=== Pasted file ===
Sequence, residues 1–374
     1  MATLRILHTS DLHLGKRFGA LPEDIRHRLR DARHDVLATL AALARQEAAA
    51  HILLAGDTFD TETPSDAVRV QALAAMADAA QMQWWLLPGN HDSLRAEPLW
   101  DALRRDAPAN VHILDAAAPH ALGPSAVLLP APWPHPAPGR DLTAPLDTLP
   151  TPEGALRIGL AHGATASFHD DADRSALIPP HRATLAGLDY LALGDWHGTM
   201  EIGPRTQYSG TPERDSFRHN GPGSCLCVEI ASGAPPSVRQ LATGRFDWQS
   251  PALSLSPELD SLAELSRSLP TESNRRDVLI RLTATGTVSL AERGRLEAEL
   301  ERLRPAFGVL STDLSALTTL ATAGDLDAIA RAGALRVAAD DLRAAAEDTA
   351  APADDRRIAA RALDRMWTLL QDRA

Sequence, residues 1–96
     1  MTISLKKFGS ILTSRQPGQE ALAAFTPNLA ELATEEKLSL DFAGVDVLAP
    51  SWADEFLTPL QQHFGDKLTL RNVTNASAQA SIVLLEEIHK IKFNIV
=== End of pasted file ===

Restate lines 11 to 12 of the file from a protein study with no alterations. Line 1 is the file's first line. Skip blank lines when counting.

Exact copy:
     1  MTISLKKFGS ILTSRQPGQE ALAAFTPNLA ELATEEKLSL DFAGVDVLAP
    51  SWADEFLTPL QQHFGDKLTL RNVTNASAQA SIVLLEEIHK IKFNIV